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As expected, the NCAA Division I Board of Directors approved a new governance model today that will give the Power 5 autonomy (only altered from the last publicized model by allowing proposals to be introduced by just one conference in the Power 5 instead of three). What does it really mean for college football? Although I was in favor of this model due to the increased benefits it will allow some schools to offer student athletes, I’m not sure everything that flows from it will be positive. Here’s a little dose of reality:
The gap between the haves and have-nots will grow.
Let’s face it: Troy will never compete with Alabama. Georgia Southern will never compete with University of Georgia. Not in the long-term. Maybe the College Football Playoff will give you a better shot at the national title than the BCS did, but the gap between the haves and the have-nots isn’t going anywhere. The Power 5 will still take home the bulk of the money from the new College Football Playoff, and now they’ll be able to spend that money to woo recruits with additional benefits such as cost-of-attendance stipends and better medical insurance on top of their training facilities with barber shops and waterfalls and multimillionaire dollar head coaches.
And this discussion isn’t just about football. The six conferences with automatic bids in BCS bowl games – the Power 5 plus the American Athletic Conference -€“ banked 62.5 percent ($117.7 million) of NCAA distributions from March Madness for the 2012-2013 school year. That left just $70.7 million to be split between the other 25 Division I conferences.
All that money matters, too. You have to go back to UNLV in 1990 to find a team from outside the six BCS automatic-qualifying conferences who won the national championship in basketball. Just four times since UNLV’s win have teams from outside those six conferences even made the national title game: Butler in 2010 and 2011, Memphis in 2008 and Utah in 1998.
Olympic sports could suffer in the long run.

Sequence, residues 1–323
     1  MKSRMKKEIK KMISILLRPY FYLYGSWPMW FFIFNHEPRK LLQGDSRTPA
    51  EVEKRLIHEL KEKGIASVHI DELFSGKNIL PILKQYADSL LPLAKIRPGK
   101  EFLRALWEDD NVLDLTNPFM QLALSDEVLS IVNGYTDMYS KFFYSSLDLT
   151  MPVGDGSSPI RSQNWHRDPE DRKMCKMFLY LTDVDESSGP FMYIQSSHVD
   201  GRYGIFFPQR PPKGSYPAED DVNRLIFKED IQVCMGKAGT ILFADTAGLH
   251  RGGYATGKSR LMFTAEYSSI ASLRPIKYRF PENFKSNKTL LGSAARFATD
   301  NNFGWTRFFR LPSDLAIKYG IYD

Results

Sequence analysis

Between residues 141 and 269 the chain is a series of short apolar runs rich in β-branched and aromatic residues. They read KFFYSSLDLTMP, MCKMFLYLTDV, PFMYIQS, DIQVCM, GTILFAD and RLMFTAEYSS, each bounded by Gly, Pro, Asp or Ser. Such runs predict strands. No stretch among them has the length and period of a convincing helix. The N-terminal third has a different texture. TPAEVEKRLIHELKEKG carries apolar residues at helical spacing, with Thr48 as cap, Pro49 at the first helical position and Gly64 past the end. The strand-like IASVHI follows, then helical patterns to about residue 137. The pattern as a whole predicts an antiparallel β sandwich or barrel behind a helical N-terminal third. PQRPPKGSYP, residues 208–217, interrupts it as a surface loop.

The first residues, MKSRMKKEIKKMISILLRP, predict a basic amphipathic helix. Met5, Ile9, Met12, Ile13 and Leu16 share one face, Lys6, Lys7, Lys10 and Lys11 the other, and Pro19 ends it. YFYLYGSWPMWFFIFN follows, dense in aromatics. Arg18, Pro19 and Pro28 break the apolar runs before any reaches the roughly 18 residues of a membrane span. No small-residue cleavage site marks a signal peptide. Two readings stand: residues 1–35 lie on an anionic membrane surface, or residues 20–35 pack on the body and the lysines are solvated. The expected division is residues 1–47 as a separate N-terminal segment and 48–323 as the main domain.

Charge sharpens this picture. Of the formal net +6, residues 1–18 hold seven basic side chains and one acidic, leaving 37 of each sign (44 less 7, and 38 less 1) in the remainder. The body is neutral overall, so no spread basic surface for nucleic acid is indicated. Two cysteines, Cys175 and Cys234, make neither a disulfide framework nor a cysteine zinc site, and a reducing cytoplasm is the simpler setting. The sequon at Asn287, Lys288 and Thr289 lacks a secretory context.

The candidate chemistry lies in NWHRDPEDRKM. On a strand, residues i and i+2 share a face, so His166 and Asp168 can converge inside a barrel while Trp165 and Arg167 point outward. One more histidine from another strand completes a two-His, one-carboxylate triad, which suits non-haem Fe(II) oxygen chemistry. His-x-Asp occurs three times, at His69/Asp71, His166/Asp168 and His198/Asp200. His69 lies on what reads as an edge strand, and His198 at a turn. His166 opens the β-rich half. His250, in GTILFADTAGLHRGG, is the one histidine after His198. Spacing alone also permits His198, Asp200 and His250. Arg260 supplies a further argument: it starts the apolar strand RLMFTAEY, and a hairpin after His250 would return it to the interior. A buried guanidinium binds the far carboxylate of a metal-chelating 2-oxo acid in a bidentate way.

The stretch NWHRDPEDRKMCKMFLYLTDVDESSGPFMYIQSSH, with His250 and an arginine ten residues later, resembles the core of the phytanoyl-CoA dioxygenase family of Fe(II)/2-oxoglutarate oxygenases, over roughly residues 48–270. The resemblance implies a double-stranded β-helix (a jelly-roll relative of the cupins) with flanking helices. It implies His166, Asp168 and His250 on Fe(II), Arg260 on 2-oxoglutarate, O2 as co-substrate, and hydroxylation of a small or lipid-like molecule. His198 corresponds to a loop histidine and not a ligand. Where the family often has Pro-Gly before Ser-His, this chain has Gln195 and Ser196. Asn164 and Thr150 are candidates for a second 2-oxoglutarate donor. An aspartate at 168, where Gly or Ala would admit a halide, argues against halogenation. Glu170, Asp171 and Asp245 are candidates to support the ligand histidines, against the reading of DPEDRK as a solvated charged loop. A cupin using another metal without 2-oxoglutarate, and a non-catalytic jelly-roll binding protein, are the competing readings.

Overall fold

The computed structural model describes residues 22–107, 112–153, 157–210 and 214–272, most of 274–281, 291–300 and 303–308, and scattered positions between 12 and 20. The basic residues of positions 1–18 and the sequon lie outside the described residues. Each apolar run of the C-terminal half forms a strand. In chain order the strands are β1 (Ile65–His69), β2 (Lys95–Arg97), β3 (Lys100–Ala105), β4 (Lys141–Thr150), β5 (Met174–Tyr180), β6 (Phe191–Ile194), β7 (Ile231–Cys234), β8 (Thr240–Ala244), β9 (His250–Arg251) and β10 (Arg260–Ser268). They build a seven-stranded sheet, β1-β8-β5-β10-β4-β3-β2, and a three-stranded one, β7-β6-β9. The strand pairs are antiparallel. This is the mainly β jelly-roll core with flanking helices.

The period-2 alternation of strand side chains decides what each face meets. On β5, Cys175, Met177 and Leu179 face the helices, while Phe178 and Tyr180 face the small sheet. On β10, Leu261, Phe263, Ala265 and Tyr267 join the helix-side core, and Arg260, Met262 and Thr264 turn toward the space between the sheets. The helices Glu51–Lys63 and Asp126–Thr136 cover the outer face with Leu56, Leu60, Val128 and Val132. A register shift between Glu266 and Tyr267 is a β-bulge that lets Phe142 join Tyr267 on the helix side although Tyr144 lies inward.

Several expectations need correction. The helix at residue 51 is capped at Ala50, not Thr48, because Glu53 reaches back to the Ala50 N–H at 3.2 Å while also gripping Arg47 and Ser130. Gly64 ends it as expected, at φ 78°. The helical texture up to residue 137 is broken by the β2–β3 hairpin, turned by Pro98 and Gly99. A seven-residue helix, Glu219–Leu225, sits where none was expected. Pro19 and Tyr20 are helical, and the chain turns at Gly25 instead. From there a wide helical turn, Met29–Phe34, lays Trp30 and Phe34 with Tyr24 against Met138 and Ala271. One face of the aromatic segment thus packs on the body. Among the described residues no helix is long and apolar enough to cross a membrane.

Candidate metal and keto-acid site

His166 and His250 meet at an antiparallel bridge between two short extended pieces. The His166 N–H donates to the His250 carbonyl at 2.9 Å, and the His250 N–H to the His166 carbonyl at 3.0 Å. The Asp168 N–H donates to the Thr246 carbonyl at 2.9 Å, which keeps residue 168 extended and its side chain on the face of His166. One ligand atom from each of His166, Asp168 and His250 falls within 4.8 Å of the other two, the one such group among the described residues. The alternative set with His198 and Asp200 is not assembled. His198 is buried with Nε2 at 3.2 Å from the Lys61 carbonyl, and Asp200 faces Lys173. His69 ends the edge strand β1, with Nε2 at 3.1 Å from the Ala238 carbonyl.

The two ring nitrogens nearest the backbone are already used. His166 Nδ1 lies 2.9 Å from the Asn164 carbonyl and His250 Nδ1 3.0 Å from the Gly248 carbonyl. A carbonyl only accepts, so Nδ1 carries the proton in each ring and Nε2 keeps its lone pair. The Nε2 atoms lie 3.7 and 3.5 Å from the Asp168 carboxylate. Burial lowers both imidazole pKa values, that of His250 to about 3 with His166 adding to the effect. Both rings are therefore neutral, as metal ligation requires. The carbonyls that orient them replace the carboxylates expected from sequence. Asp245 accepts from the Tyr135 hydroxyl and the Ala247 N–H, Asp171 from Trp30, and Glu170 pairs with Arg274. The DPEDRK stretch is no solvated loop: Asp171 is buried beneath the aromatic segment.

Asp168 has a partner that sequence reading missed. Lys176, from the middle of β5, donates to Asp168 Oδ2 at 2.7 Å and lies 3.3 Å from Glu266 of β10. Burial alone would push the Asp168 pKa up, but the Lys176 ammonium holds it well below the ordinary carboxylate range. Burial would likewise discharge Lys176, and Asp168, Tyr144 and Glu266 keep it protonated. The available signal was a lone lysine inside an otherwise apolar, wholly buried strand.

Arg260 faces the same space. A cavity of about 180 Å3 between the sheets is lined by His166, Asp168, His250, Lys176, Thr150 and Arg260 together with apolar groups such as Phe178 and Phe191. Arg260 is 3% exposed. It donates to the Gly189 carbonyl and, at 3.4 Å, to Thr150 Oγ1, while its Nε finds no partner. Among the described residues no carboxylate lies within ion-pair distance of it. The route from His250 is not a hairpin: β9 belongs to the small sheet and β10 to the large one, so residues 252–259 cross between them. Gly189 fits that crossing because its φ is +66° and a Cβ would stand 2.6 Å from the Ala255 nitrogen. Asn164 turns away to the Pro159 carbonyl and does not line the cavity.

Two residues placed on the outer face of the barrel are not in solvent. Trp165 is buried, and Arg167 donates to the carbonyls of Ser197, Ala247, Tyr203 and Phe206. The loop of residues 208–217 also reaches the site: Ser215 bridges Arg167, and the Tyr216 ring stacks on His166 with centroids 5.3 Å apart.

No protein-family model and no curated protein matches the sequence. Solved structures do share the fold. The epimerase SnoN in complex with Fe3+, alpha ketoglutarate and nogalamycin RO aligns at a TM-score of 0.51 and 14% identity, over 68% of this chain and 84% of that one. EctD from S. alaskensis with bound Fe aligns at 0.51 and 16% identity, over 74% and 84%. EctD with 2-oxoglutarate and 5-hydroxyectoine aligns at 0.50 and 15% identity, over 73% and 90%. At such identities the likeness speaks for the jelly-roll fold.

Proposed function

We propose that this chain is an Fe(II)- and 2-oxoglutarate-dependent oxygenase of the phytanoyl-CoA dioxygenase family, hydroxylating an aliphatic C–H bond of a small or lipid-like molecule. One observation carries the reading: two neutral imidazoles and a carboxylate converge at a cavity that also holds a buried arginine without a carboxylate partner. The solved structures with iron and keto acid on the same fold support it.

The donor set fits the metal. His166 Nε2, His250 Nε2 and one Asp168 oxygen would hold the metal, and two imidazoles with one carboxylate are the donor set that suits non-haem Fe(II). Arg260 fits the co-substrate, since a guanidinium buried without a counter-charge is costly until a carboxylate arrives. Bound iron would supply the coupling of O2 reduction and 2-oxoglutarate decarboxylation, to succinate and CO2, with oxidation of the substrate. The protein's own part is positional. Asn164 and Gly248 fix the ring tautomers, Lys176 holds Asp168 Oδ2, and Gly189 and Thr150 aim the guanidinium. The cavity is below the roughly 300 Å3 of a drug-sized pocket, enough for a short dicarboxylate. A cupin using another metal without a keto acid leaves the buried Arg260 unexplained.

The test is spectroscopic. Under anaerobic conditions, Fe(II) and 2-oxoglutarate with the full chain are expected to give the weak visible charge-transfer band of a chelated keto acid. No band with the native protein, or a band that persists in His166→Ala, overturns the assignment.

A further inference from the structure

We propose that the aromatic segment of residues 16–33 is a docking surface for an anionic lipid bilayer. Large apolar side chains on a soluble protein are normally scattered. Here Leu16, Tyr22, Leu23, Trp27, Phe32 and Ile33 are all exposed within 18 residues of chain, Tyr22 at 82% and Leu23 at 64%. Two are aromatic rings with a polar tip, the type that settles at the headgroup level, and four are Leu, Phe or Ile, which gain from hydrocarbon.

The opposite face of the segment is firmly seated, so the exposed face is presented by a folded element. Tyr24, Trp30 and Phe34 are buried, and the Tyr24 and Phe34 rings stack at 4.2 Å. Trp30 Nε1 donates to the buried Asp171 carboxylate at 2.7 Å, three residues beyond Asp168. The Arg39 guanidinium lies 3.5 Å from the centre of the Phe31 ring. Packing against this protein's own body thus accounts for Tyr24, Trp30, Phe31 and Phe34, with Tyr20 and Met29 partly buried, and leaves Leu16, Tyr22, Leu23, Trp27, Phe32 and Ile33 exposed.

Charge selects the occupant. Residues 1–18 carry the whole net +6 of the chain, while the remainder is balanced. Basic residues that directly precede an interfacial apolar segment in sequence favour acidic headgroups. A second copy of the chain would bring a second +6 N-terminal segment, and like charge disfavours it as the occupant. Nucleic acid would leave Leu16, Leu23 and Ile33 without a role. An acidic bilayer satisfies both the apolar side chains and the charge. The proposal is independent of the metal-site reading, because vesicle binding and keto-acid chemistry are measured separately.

Did you know schools playing football at the FBS level are only required by the NCAA to carry 16 total sports? Most carry far more than that- for example, both Stanford and Ohio State sponsor over 35 sports.
Where’s all the money coming from to pay for these additional benefits sure to be implemented by the Power 5? Let’s be honest: it’s not coming from head coaching salaries. No one is taking money away from a Nick Saban or an Urban Meyer; if schools can’t raise it from boosters, they’ll look at taking it from sports like men’s gymnastics or wrestling. Those sports aren’t making money, but a winning football program under Saban or Meyer is. Schools have no obligation to field more than those 16 sports, so don’t be surprised when they start cutting them.
Student athletes will receive increased benefits.
At the end of the day, however, the new governance model is worth it if what we’re most concerned with is student athlete welfare. It’s a foregone conclusion cost-of-attendance stipends will be at the top of the list for the Power 5. There’s also been discussion of guaranteed four-year scholarships and better medical insurance.
You can be cynical all you want and say the Power 5 are only responding to recent lawsuits, but in actuality commissioners of the Power 5 have been talking about some of these issues for years. In fact, a $2,000 stipend was approved and then overridden in late 2011 and early 2012. Those types of measures simply could not survive the override process, which allowed every school in Division I a vote on the matter.
Of course, there’s also the possibility the new governance structure will be overridden. It is subject to a 60-day window during which individual schools can request an override. If at least 75 schools request an override, the Board of Directors will be forced to reconsider. However, if more than 125 schools request an override, the new governance structure will be suspended until the full Board can meet in January. In the meantime, the Power 5 have until October 1st to get in initial proposals for issues where they’d like to exercise their new autonomy.
Kristi A. Dosh is a sports business reporter, attorney and author of a book on the business of college football, Saturday Millionaires.